The Netherlands increases the activity of coal-fired power plants to reduce gas use | Economy

Gas production plant in Groningen, the Netherlands.
Gas production plant in Groningen, the Netherlands.Michael Kooren (REUTERS)

The Dutch government has decided to increase the production capacity of coal-fired power plants to reduce the use of natural gas and thus avoid a shortage of the latter next winter. Although the dependence on Russian gas by the Netherlands is limited, at 15%, the measure involves launching what the cabinet calls the “first phase of the gas crisis”. It is the initial response to the control exercised by the Russian president, Vladimir Putin, over the energy supply to Europe due to the war in Ukraine. At the same time, Rob Jetten, the Dutch Minister for Climate and Energy Policy, has called on citizens “to save energy as much as possible”.

Jetten, who announced the new measures on Monday, said there was still no shortage, but added: “Putin is using gas more and more as a means of power, and standing still is too risky.” There is an additional problem, and that is that the three Dutch coal-fired power plants can only operate up to 35% of their capacity due to the impact of CO₂ emissions. Although the minister has not specified the percentage that will be authorized from now on, the measure will last until 2024. Without the war in Ukraine in the background, the closure of these plants was scheduled for 2030. Germany has also just announced an increase in burning coal to ensure energy supply.

In this context, Minister Jetten stressed that “he does not lose sight of the climate protection goals”. The cabinet maintains that it wants to cut greenhouse gas emissions by 55% by 2030, the objective to which the European Union has committed itself. At the end of May, Christian Democrats and Right Liberals, two of the parties in the current centre-right coalition, supported increasing coal-fired electricity production. “We cannot play Russian roulette with the security of gas,” Liberal deputy Silvio Erkens said at the time.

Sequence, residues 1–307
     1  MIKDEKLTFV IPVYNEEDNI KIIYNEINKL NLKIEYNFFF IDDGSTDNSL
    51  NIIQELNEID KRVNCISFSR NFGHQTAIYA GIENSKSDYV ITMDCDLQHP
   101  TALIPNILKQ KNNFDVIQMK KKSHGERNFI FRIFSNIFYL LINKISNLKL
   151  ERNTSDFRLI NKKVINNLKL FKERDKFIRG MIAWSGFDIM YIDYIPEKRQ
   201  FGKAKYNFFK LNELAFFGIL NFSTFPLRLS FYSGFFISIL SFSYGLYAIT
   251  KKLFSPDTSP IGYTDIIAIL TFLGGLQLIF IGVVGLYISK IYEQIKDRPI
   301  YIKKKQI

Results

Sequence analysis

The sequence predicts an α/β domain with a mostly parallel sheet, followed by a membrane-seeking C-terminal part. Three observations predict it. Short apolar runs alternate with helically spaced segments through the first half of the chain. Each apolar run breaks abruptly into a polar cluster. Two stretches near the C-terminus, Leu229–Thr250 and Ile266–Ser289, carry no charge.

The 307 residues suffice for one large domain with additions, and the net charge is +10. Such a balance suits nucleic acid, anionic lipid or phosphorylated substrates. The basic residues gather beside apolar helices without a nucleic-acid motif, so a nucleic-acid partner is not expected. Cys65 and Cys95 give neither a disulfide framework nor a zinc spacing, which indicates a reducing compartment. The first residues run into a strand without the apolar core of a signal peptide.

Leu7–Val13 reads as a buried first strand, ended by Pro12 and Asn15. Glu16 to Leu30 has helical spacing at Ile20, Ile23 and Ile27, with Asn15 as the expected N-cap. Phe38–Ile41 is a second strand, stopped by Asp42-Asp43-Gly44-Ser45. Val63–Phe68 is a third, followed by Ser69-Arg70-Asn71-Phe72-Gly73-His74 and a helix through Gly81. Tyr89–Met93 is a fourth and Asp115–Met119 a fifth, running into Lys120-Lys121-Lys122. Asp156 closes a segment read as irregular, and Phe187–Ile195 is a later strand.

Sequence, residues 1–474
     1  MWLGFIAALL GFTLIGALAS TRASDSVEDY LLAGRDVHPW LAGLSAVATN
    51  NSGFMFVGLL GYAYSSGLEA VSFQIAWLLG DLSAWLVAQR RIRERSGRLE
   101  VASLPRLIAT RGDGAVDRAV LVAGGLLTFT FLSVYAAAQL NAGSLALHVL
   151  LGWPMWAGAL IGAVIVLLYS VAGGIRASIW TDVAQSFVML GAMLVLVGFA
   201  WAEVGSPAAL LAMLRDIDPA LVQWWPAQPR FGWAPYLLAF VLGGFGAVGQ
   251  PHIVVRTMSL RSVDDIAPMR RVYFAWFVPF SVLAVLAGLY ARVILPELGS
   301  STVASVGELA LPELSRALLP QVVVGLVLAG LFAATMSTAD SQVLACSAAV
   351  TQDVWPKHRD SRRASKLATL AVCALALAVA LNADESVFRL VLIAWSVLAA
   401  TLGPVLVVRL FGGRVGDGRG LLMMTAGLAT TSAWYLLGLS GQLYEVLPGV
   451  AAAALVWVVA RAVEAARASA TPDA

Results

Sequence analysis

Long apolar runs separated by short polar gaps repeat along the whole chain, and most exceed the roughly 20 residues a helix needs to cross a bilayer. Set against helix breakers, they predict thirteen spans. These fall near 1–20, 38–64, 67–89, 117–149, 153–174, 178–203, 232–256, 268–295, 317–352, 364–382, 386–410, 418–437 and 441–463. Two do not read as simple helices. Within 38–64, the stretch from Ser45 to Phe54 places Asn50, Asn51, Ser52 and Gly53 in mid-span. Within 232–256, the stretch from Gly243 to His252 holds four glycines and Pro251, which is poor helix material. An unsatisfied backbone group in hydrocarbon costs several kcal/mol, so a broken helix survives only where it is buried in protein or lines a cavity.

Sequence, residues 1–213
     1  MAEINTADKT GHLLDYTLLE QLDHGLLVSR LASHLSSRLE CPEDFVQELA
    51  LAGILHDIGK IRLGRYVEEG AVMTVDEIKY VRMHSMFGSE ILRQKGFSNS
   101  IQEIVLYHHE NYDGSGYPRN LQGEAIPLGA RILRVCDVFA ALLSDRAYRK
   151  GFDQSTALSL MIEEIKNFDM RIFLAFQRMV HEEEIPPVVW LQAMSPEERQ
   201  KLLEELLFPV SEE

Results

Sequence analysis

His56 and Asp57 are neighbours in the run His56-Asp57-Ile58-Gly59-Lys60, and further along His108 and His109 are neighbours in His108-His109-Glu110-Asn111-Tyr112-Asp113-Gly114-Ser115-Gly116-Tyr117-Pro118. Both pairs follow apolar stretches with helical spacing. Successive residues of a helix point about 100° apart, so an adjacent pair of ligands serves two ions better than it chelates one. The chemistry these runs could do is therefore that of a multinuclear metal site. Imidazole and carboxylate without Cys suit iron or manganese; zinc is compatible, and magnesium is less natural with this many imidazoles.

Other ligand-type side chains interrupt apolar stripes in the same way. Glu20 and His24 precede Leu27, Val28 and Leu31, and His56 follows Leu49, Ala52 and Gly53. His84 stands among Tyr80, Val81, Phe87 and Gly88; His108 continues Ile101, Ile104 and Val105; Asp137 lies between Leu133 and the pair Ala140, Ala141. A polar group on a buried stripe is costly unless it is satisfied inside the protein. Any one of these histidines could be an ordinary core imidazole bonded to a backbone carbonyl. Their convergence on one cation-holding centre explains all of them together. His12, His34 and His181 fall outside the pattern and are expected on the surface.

The Left Liberals, the party to which Minister Jetten belongs, called for measures to compensate for the increase in CO₂ emissions if necessary. Now that the Government allows the increase in the activity of coal-burning power plants, it will have around 1,500 million euros -previously destined to compensate them for cutting emissions- to invest, among others, in energy saving projects.


The Netherlands has a natural gas reserve in the province of Groningen, located in the north of the country. The deposit was discovered in 1959, but its extraction generates seismic activity, and in the last forty years there have been more than a thousand earthquakes, in some cases of magnitude 3.6 on the Richter scale. Since 2014, production has been cut, and from 2023 these reserves will only be used in an emergency.

Given the situation in Ukraine, Hans Vijlbrief, Secretary of State for Mining, has assured that “the Groningen tap will only be opened as a last resort”. He has given this example: “If the energy supply in hospitals and residences for the elderly, in our country or among our neighbors, were compromised.” For now, the deposit “will remain in use to be flexible given the uncertainty of the energy market,” he added. Until September 2022, 4.54 billion cubic meters of gas will be extracted. Until October 2023, when the closure is planned, the production will be about 2,800 million cubic meters. There are 450 billion cubic meters of gas left in the field, according to government data.

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